Thursday, March 26, 2009




The doomsayers contend a new superport Mexico plans to build on the coast of Baja California about 180 miles south of San Diego means the end of commercial success for California and the elimination of thousands of jobs.

"Watch it and weep," said Steve Frank, political consultant and former head of the conservative California Republican Assembly, who notes the enterprise depends on Mexican trucks having access to America under of the North American Free Trade Agreement.

Never mind both the fact that President Obama has already cut back severely the number of Mexican trucks allowed to work in this country and the fact that the recession is delaying work on the port itself.

The real questions are whether this port, when it's eventually built, has to be a disaster for California? Might it actually improve life in this state?

Here are a few maritime statistics to consider: About 30 million shipping containers crossed the Pacific Ocean last year, headed for West Coast ports. More than half (15.7 million) were unloaded at the congested, neighboring ports of Los Angeles and Long Beach. Another 8 million or so landed in other California ports, from San Diego and Port Hueneme to Oakland and Eureka.

Hauling off those containers created truck traffic which in 2007 contributed almost 20 percent of the human-spawned smog in the Los Angeles Basin, not to mention innumerable traffic jams.

Under the state's greenhouse gas law, AB32, a lot of that pollution will have to be cut in the next 10-12 years. The deadline falls not far from the putative opening date for the Mexican port.

Meanwhile both the Los Angeles and Long Beach ports now spawn about as much rail and road traffic as likely will ever be practical, as both are built out to near capacity. The same for Oakland.

So maybe the time is right for another port that could relieve some of the pressure. For even though cross-Pacific trade is down a bit this year, every forecast says the 24 million containers now reaching here from overseas will increase by at least 50 percent over the next 10 years.

This suggests California just might need the port Mexico proposes to build at Punta Colonet, now a bucolic village of 2,500. That port, if completed as scheduled in about 2018, would handle no more than 2 million containers in its first phase and might eventually be expanded to deal with as many as 10 million, depending on how many ships choose to unload there. Neither figure poses a serious threat to California trade.

But the new harbor could take the pressure for expansion off California ports, where it would still be more economical for America-bound cargoes to unload. Yes, there will be some added costs at this state's ports as they are compelled to clean up both ship-caused pollution and truck exhausts.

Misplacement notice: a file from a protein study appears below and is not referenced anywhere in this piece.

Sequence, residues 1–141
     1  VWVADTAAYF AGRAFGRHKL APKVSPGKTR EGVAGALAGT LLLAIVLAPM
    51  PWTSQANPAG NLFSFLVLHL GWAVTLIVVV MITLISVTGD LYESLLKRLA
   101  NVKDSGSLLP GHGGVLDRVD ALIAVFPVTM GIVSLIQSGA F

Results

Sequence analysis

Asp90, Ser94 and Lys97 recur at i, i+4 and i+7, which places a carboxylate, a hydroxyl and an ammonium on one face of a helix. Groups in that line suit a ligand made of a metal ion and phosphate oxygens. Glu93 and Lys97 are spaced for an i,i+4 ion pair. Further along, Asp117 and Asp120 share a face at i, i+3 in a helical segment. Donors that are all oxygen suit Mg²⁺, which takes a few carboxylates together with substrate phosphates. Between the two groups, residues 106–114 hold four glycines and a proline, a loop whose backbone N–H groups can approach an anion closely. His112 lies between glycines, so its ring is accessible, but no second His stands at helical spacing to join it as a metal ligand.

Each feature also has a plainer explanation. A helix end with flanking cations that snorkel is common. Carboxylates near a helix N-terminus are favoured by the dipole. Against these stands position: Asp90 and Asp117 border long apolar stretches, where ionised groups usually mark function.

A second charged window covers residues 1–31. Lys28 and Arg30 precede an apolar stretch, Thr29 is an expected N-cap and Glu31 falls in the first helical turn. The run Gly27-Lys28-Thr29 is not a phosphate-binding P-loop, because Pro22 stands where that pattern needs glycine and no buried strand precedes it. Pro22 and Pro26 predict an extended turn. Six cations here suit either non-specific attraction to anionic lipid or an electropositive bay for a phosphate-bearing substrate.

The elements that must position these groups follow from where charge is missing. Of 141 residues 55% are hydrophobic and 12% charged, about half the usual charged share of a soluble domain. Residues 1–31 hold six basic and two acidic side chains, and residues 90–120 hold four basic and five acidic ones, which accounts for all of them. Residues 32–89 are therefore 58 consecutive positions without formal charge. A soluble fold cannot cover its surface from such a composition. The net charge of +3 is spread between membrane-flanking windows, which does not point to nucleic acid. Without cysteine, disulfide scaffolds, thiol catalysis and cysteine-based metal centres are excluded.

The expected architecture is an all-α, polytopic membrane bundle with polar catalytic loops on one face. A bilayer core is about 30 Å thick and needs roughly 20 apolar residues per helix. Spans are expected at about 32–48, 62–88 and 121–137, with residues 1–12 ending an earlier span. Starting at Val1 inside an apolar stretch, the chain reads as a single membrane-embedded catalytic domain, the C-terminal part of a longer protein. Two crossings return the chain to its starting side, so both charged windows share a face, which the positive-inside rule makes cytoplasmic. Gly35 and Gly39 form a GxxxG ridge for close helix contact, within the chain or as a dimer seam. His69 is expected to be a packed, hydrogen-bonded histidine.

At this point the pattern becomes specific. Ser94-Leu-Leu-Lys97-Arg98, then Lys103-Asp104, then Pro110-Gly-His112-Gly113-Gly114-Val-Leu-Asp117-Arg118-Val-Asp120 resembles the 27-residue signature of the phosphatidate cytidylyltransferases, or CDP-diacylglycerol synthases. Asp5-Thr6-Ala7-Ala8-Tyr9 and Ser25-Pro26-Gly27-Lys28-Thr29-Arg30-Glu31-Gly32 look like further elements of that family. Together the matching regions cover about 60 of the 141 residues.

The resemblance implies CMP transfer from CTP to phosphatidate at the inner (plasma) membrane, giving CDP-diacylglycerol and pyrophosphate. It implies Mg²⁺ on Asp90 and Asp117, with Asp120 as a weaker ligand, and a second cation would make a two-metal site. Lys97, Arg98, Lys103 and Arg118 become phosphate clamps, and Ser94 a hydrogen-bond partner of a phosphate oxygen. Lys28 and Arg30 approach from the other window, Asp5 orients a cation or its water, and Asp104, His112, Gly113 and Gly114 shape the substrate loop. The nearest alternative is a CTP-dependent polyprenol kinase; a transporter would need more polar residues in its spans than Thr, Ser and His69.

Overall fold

But any cargo unloaded at Punta Colonet - and even Mexican President Felipe Calderon says it would aim mostly to serve American needs - would have to be trucked north or taken north on rail cars, then link with American highways and railroads.

Costs for that would likely far exceed any pollution cleanup expenses imposed on the existing harbors at Long Beach, Los Angeles and Oakland.

So once ship emissions have been cleaned, there will be no incentive other than practical need for ships to dock in Mexico, when transport of their containers to other points is much more convenient, cheaper and faster from the California ports.

This means the reality here is very different from the doomsday claims often made about the Mexican port. Once built, it would be more likely to handle overflow from the already super-crowded Los Angeles-Long Beach complex than to replace it. It would probably be no more a threat to the existing big seaports than Port Hueneme, the Ventura County port that now takes pressure off its bigger brethren by receiving and exporting cars, strawberries, pineapples and a few other commodities. It is also the key port supporting California's existing offshore oil drilling platforms.

Far from a threat, the Mexican port would help ease traffic, cut smog and reduce illegal immigration by providing steady jobs within Mexico. Traffic at California ports has not been cut by the advent of a huge new harbor at Prince Rupert, British Columbia. Why should it suffer from a new colleague in Mexico?

Interestingly, the same people who say they fear the planned Mexican port said nothing against Prince Rupert. Might that be because one would be run by Hispanics, while Anglos are in charge of the other?

Elias is author of the current book The Burzynski Breakthrough: The Most Promising Cancer Treatment and the Government's Campaign to Squelch It, now available in an updated third edition. His email address is

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